Fight Medicine: Hardy’s Heart Condition

By Jon Gelber M.D. Mar 25, 2013
A heart condition put Dan Hardy’s mixed martial arts career on hold. | Photo: Stephen Albanese/

Former Ultimate Fighting Championship welterweight title contender Dan Hardy last week announced his withdrawal from a UFC on Fox 7 bout with Matt Brown on April 20 at the HP Pavilion in San Jose, Calif. While most fighters point to injury when announcing such exits, Hardy’s story was a little different. Pre-fight tests revealed he has a syndrome called Wolf-Parkinson-White, which is an abnormality in the conduction system of the heart.

The heart’s job is to pump blood to the lungs to get oxygen, receive back that blood, pump it to the rest of the body and then re-collect it to start the process again. The heart has four chambers, each of which is responsible for one of the four tasks mentioned. The heartbeat you can hear with a stethoscope is actually the sound of valves between each of these chambers closing after the blood has flowed to its next destination. The coordination of each of these chambers requires a finely tuned electrical conduction system.

The heart muscle cells are triggered to contract by a wave of electricity that starts at the top of the heart -- the SA node -- and spreads across the top two chambers, the left and right atrium, causing them to squeeze blood towards the bottom of the heart. The electrical signal then triggers another node -- the AV node -- above the two larger chambers, the left and right ventricles. From the AV node, a bundle of electrical fibers travels to the two large ventricle chambers, which causes them to contract, squeezing the blood to the lungs and the rest of the body; the right goes to the lungs, the left to the rest of the body.

In people with Wolf-Parkinson-White syndrome, there is an extra pathway that bypasses the AV node and goes straight from the left and right atrium to the left and right ventricles. This alters the coordination of the heart and can cause the ventricles to squeeze before they have had a chance to fill completely with blood. As a result, less blood gets pumped out of the heart for each heartbeat. Many of those afflicted remain without symptoms, but on occasion, some may experience dizziness, fainting or heart palpitations. In severe cases, the whole heart loses its coordination and sudden death can occur.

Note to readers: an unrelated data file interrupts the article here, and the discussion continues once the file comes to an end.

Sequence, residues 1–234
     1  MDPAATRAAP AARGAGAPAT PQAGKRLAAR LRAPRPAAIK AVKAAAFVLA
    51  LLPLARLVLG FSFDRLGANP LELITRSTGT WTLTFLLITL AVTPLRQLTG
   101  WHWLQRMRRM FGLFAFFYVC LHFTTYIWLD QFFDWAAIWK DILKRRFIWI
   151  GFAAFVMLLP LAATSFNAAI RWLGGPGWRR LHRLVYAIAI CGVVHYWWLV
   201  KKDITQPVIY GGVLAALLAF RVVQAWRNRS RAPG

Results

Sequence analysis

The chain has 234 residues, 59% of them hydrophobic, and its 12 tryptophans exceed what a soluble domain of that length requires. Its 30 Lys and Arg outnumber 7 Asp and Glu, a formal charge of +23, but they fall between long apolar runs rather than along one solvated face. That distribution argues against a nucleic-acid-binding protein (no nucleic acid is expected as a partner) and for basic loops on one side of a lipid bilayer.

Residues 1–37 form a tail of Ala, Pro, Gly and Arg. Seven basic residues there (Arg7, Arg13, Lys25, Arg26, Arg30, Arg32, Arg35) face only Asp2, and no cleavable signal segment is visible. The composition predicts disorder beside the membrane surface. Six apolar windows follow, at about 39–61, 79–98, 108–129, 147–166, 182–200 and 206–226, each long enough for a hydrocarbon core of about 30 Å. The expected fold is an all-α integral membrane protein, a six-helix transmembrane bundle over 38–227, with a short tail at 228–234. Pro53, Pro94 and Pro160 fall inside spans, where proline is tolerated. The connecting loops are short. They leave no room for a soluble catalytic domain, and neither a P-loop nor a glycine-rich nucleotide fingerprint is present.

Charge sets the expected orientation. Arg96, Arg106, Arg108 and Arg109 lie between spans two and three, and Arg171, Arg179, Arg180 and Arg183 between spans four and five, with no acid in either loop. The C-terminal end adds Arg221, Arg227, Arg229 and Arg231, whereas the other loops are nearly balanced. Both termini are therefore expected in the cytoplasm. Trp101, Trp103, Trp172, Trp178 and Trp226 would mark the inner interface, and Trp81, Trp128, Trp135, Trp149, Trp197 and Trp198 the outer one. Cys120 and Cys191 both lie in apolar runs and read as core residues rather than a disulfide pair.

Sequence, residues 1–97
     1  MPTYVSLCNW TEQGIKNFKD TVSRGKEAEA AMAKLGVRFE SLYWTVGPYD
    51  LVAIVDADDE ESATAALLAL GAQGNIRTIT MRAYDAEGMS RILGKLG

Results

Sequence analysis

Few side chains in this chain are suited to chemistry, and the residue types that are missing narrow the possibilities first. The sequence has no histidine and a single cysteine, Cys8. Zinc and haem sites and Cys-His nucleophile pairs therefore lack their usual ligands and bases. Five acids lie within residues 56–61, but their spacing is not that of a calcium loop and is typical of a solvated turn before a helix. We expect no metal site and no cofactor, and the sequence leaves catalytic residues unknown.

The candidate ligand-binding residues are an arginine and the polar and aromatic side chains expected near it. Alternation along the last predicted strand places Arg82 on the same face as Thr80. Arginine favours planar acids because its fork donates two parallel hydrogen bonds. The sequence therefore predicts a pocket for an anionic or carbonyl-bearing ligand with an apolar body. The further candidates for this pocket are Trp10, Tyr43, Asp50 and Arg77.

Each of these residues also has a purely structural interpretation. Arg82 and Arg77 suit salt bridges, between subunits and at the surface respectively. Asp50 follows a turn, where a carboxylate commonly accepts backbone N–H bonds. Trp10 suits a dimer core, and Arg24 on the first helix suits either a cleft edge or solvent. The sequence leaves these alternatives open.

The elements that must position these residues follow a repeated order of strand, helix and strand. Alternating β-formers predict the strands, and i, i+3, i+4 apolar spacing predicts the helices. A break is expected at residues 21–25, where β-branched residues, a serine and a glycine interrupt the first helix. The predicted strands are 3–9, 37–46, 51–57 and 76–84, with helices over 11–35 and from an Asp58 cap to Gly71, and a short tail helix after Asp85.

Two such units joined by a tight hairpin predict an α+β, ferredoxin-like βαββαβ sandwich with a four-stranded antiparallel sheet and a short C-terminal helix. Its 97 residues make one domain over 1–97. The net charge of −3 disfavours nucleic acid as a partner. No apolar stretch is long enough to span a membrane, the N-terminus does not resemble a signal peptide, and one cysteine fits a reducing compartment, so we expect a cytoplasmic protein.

The diagnosis is usually made by an electrical heart monitor called an electrocardiogram or EKG. We have all seen the spiked pattern on a heart monitor in the movies before it flatlines and someone dies. That pattern represents very specific electrical discharges from different parts of the heart. When the EKG pattern is disrupted, it means something is wrong with the heart’s electrical activity. In the case of Wolf-Parkinson-White syndrome, the abnormality is called a “delta” wave because it looks like the Greek letter of the same name. Patients with the condition must be careful with what drugs they take because they can worsen the electrical abnormalities.

A fighter -- or any other athlete for that matter -- who has been diagnosed with Wolf-Parkinson-White syndrome should not compete until he or she is cleared by a cardiologist. The cardiologist may order a stress test, which is a way of seeing how one’s heart functions during exercise since the coordination may get out of control as it beats faster. This test can be done on a treadmill with an EKG, or medication can be given to speed up the heart.

If a cardiologist thinks the abnormality is under control, then no medication or intervention is necessary. However, if the stress test shows that the heart becomes even more out of control with exercise, he may order medication. The most definitive treatment is a procedure known as radiofrequency ablation, where specialized instruments are used to burn away the abnormal heart pathway, helping to restore the coordination of the heart.

Hardy appears to have undergone these tests, but the California State Athletic Commission is playing it safe and keeping the 30-year-old off the UFC on Fox 7 lineup and out of action for now. After all, bone and tendon injuries heal, but a heart that stops beating may never start again.

Follow Jon “The Fight Doc” Gelber on Twitter at @FightMedicine or visit


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